37 Best Travel Tips for Traveling With an Infant, Older Baby, or Toddler

Family travel is exciting for you and your kids and can create special memories that last a lifetime, whether you’re off on an adventure abroad or simply going to visit Grandma. But traveling with an infant, older baby, or toddler requires a little extra preparation to ensure a safe and comfortable trip. We’ve got the answers to common questions surrounding baby travel—short and long—plus a list of all the essentials and 37 tips for traveling with the little ones!

How Soon Can You Travel With a Newborn Baby?

When is it safe to travel with a newborn? It’s always wise to check with your healthcare provider before traveling with an infant. Your provider will likely offer specific guidance on whether you should or shouldn’t travel with your little newborn, depending on your little’s one's age and health status, as well as more general advice on when you can travel with a baby or older child. Whenever you do end up traveling with your little one, keep some safety precautions in mind. Your child is still developing their immune system, so it’s important to take protective measures, especially when flying or in crowded locations, such as

  • frequently washing hands

  • using hand sanitizer

  • avoiding visibly ill travelers.

Besides these basic safety precautions, keep reading for more tips on traveling with infants, plus older babies and toddlers, which include additional measures that will help keep your little one healthy, safe, and comfortable.

37 Tips for Traveling With an Infant, Older Baby, or Toddler

There are many ways you can help keep your infant, older baby, or toddler safe while traveling, and ensure that the trip is comfortable for all involved. It’s best to always consult with your child’s healthcare provider before traveling, especially with newborns or infants. Younger babies are more vulnerable than older babies and toddlers, so consider the provider’s advice and tips for traveling with an infant. Knowing how to travel with an infant isn’t much different from knowing how to travel with an older baby or toddler, but age can impact strategy. For example, traveling with a toddler opens up more opportunities for activities on your trip! You’ll probably notice that traveling with a 2-year-old is a lot more interactive than when your little one was just 3 or 6 months old. To cover all the bases, we’ve included 37 tips for traveling with babies of any age, but some apply more to younger babies, like infants and newborns, whereas others are more geared toward older babies and toddlers. However, all are worth considering when traveling with kids of any age and whether you’re flying to Paris or hopping in the car for a day trip.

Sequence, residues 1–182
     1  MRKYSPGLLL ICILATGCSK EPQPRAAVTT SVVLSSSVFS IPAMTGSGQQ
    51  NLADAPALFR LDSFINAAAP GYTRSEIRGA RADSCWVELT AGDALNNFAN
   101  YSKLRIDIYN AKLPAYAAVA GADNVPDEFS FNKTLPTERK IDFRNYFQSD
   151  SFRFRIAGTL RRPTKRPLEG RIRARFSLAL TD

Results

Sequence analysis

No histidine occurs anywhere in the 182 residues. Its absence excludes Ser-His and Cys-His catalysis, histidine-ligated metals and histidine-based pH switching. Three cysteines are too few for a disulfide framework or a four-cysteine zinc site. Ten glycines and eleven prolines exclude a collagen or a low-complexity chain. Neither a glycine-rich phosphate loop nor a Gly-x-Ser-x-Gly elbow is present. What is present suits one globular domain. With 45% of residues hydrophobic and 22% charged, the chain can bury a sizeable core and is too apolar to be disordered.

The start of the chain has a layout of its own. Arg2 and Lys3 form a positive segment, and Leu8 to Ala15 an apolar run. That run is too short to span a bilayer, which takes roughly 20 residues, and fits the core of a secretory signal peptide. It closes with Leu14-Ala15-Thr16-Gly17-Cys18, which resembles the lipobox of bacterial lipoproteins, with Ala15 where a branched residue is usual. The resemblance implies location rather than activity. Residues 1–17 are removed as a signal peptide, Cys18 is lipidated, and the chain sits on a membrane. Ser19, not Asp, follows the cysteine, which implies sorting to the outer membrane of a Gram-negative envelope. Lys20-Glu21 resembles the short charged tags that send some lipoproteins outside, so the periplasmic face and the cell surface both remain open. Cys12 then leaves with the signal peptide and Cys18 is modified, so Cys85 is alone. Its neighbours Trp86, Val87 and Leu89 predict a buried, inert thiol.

1. Update Immunizations

Before you travel, including by car, on an airplane, or anywhere abroad, ensure your baby has had all the necessary immunizations. Following an immunization schedule is key to keeping your little one healthy throughout their life and, of course, when traveling. If you plan to travel abroad, be aware that some countries require additional vaccinations. You’ll want to consult your child’s healthcare provider for specific advice before planning any overseas trips, and you can contact the U.S. State Department for general information. As children will need immunizations and boosters throughout their early years, this tip also applies to travel with infants, older babies, and toddlers.

2. Consult Your Child’s Healthcare Provider

Remember that your baby’s healthcare provider is your ally and a great source of information. Don’t hesitate to be in touch if you have any questions about traveling with an infant or how to best travel with a baby of any age. If you’re thinking of traveling with a newborn, the provider may suggest waiting in some cases, such as if your little one has an underlying health condition or was born prematurely.

3. Collect Medications and Important Documents

Before setting off on your adventure, remember to pack any medication your child will need while away from home. You can also purchase a sturdy folder to keep any important documents, such as your baby’s vaccination record, copies of recent medical reports, passport, etc. When traveling with an infant, older baby, or toddler, it’s always best to err on the side of caution and bring everything you might need!

4. Do Some Research

One of the best tips for traveling with newborns or older babies and toddlers is to hunt for and gather relevant information ahead of time. Besides things like looking up vaccination requirements, you can also research details about accommodations and activities. Some hotels offer amenities that may come in handy when traveling. For example, if you’re breastfeeding your baby, you might want a refrigerator in your hotel room to store extra milk.

5. Allow Extra Time

Always remember that traveling with an infant or baby of any age means everything will take a little more time (or sometimes a lot more time!). Be sure to start early and allow extra time when packing the car or getting to the airport, going through security, checking into your accommodation, eating out, etc. This additional time makes for a smooth trip and also helps keep stress to a minimum.